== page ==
Analysis Reveals Major Changes in How Pollutants are Handled

A new report reveals that factories, electric utilities, hazardous waste management facilities and coal mines in Canada and the United States generated almost 3.4 million tons of toxic chemical waste in 1999.

The annual "Taking Stock" report was released this week by the Commission for Environmental Cooperation (CEC) of North America, a Montreal-based environmental body established by the NAFTA partners.

This year, the study also presents the first five-year analysis of pollution releases and management. The five-year trend shows a slight decline (3 percent) in the total of toxic chemicals generated, but big changes in how those pollutants are handled. The North American manufacturing sector's 25 percent reduction in releases to air was largely offset by a 25 percent increase in on-site releases to land, and a 35 percent increase in off-site releases, mostly to landfills. Releases to lakes, rivers and streams also increased during this period by 26 percent.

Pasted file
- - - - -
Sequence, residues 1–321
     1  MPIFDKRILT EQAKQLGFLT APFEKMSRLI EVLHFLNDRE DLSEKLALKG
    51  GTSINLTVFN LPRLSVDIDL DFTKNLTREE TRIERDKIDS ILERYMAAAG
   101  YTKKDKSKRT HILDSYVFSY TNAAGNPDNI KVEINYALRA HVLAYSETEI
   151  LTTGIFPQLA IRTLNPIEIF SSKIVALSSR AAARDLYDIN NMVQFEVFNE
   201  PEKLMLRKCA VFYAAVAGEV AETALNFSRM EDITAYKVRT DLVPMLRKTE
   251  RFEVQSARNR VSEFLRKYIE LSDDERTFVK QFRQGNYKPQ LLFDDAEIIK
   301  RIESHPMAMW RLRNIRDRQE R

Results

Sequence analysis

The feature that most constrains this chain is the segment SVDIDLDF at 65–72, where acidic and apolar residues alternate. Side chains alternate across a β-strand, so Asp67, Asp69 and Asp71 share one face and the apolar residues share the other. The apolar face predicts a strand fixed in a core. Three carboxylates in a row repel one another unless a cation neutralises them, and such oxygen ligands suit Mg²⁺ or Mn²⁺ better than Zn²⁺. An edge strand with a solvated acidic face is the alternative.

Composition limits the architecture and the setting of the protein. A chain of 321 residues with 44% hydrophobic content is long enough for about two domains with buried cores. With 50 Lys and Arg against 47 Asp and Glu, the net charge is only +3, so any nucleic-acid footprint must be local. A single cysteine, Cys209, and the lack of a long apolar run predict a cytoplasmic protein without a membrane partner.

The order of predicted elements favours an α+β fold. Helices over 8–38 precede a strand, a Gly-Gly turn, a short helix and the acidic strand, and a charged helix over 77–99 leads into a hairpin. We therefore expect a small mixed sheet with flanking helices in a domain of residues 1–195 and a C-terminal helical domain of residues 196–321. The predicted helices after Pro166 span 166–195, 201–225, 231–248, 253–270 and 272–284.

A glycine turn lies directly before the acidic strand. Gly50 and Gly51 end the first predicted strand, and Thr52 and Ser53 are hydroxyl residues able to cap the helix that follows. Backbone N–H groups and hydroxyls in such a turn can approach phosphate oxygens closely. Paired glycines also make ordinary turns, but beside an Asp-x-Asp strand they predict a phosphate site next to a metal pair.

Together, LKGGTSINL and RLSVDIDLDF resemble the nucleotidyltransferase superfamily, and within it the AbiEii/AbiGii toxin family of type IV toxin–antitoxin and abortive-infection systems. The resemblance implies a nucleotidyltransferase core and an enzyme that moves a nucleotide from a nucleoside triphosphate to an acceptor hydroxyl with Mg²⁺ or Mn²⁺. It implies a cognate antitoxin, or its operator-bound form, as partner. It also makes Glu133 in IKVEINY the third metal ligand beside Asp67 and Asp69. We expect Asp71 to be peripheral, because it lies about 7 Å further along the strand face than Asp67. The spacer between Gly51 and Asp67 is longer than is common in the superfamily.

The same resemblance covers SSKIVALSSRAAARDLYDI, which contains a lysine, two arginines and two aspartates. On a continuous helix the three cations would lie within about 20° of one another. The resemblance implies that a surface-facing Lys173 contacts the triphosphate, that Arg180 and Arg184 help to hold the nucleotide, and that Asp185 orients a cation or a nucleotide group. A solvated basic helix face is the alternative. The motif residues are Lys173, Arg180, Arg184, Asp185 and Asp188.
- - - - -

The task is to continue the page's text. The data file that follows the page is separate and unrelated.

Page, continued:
"'Out of the air, into the land and water' emerges as a major trend from our five-year analysis," says CEC Executive Director Janine Ferretti. "North America's progress in reducing toxic releases to air must continue, but it also must be matched by reductions in land and water releases."

Other findings in the report include:

  • Ohio, Texas, Pennsylvania and Ontario recorded the largest total releases.
  • Total releases for 1999 include 269,000 tons of chemicals known to cause cancer, birth defects or other reproductive problems.
  • Electrical utilities report the largest total releases in North America - over 450,000 tons.

"Taking Stock" is produced from data collected by the national governments of Canada and the United States. Reporting of data for Mexico is not yet mandatory, though enabling legislation was passed in Mexico late last year. The CEC report praises the 117 Mexican facilities that reported 1999 data voluntarily.

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